Hanke Praises China’s Recent Move, Foresees Troubles for Greece
Economics Professor Steve Hanke praised China’s recent move to lower its reserve requirements and predicted further troubles for Greek banks unless recapitalised.
Hanke, who is professor at Johns Hopkins University and Senior Director of the Troubled Currencies Project at Cato Institute, said this in a recent interview for Russia Today.
China recently lowered its reserve requirements as means of adding stimulus without changing interest rates, which Hanke assessed as a good move.
In his words the country had rightly understood that money supply and credit supply determine the rate of growth in the economy and the level of asset prices and inflation.
He reminded that China’s credit growth and money supply growth have been little below the trend rate of growth, so the country was trying to restore them to previous levels.
Hanke explained that the strong US dollar will not have a pronounced effect on China as the yuan is more or less loosely linked to the dollar.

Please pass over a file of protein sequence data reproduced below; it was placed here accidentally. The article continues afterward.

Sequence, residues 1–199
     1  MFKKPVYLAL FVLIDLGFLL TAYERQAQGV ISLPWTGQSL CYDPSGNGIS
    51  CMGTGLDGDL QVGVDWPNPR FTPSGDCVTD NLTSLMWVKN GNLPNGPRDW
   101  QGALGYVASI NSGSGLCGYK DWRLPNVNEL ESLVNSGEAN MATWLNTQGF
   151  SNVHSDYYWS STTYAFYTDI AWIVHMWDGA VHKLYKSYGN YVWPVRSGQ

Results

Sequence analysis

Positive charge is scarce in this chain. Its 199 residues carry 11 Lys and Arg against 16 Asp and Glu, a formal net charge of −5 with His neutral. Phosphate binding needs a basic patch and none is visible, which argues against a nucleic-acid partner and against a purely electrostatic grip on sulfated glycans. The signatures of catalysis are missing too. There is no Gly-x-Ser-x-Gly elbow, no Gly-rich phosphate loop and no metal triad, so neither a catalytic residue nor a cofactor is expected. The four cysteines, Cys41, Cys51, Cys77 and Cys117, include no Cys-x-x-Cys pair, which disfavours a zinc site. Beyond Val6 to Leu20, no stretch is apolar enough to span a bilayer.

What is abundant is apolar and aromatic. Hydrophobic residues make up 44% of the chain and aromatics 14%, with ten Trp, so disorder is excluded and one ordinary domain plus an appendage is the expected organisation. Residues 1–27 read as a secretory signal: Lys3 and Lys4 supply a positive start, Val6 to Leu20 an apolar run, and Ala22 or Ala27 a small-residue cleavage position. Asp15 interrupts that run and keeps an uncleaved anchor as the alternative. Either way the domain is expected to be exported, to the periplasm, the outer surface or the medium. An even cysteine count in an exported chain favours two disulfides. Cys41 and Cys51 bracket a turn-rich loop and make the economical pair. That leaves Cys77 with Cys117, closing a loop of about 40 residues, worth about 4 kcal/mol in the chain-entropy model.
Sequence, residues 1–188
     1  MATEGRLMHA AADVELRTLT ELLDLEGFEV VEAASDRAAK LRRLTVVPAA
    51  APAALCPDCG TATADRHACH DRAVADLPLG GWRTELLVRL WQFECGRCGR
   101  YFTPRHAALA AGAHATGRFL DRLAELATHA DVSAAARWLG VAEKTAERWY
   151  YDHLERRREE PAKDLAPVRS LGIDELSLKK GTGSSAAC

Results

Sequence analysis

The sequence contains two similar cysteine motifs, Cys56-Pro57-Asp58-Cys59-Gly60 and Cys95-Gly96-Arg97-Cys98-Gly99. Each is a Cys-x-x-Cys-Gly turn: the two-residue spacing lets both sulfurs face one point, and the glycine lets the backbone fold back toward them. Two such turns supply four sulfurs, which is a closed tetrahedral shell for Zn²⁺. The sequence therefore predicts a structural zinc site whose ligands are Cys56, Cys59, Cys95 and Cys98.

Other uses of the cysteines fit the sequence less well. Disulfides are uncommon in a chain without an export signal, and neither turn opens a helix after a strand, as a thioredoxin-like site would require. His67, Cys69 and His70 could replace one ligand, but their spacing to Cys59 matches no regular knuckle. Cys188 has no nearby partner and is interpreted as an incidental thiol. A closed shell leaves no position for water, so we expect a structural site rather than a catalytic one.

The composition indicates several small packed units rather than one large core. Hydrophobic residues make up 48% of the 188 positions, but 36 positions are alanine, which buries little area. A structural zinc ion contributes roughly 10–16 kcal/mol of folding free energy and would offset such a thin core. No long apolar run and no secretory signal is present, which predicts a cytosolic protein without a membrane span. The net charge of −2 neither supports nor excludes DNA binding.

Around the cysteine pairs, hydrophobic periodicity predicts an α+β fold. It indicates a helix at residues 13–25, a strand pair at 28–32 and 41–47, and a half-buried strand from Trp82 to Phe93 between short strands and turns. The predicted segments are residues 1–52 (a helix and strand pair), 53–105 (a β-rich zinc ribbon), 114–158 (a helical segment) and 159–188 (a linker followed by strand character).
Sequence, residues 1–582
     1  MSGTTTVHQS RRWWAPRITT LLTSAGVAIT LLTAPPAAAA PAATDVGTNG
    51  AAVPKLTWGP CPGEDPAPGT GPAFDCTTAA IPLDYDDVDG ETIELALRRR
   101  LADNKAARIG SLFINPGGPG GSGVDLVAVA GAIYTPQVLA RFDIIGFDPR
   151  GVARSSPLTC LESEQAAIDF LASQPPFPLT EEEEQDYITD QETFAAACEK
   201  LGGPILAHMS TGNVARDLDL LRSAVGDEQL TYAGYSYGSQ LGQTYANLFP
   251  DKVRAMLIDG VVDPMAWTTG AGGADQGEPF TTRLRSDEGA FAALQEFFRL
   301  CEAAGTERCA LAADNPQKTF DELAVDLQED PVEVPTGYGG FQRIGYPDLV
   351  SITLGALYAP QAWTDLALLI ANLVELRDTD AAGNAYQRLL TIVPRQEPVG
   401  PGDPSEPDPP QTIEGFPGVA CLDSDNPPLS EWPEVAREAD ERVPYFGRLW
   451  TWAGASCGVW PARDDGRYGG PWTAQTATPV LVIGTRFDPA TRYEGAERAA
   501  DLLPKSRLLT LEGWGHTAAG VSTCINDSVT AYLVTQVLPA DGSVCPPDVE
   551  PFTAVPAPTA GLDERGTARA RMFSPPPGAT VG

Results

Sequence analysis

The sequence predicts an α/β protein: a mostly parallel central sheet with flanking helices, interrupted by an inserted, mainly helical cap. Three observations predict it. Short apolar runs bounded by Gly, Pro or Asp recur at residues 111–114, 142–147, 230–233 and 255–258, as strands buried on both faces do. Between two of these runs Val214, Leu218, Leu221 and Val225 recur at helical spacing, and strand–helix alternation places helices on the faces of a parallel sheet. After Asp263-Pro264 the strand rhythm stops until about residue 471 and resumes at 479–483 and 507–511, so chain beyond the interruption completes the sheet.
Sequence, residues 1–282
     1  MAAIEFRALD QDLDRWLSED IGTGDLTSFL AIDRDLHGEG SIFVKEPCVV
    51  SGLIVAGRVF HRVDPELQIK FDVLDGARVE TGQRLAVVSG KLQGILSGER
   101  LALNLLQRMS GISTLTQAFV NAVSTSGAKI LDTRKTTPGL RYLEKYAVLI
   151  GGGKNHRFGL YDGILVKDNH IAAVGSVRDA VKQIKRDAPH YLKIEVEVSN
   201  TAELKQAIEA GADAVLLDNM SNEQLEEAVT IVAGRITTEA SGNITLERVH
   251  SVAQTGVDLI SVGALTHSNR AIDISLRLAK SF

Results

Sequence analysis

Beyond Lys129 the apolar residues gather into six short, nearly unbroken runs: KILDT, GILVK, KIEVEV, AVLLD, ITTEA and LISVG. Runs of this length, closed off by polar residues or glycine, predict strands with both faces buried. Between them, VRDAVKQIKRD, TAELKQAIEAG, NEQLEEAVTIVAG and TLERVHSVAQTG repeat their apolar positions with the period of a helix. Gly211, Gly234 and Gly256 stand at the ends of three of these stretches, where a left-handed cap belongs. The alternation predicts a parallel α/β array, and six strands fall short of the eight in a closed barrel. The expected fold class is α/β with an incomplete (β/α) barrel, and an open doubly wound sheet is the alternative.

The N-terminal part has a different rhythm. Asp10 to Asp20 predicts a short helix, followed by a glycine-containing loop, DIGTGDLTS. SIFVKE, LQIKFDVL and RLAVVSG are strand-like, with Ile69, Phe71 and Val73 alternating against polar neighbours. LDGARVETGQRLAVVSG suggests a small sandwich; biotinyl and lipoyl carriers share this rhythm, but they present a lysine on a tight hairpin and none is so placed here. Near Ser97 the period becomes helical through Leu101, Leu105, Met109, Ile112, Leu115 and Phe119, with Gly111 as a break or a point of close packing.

According to him, the dollar–euro rate will be key as it will determine where commodities are going.
Hanke said that emerging markets will be faced with greater risks as commodity prices are going down, while the dollar is getting strong.
He predicted that the trend will be for money to be coming out of emerging markets as the dollar remains strong and commodity prices weak.
Regarding the Greek sovereign debt crisis, Hanke said that the country has been in deep trouble and in some form of bankruptcy ever since it became independent in the 19th century.
He explained that the money supply in Greece has been shrinking at 6 % per year since 2008.
Hanke revealed that 85 % of the money supply in Greece was created by banks.
In his words, austerity is caused by the deleveraging of banks, which shrinks money supply and the national economy.
Hanke criticised Athens of holding the EU hostage and his expectations are that Brussels will provide an additional bailout.
According to him this could be either deferral of payments on loans or new capital to recapitalise banks.
Hanke expressed concern that the banks are to be faced with massive deleverage unless recapitalised.
Watch the full interview here.
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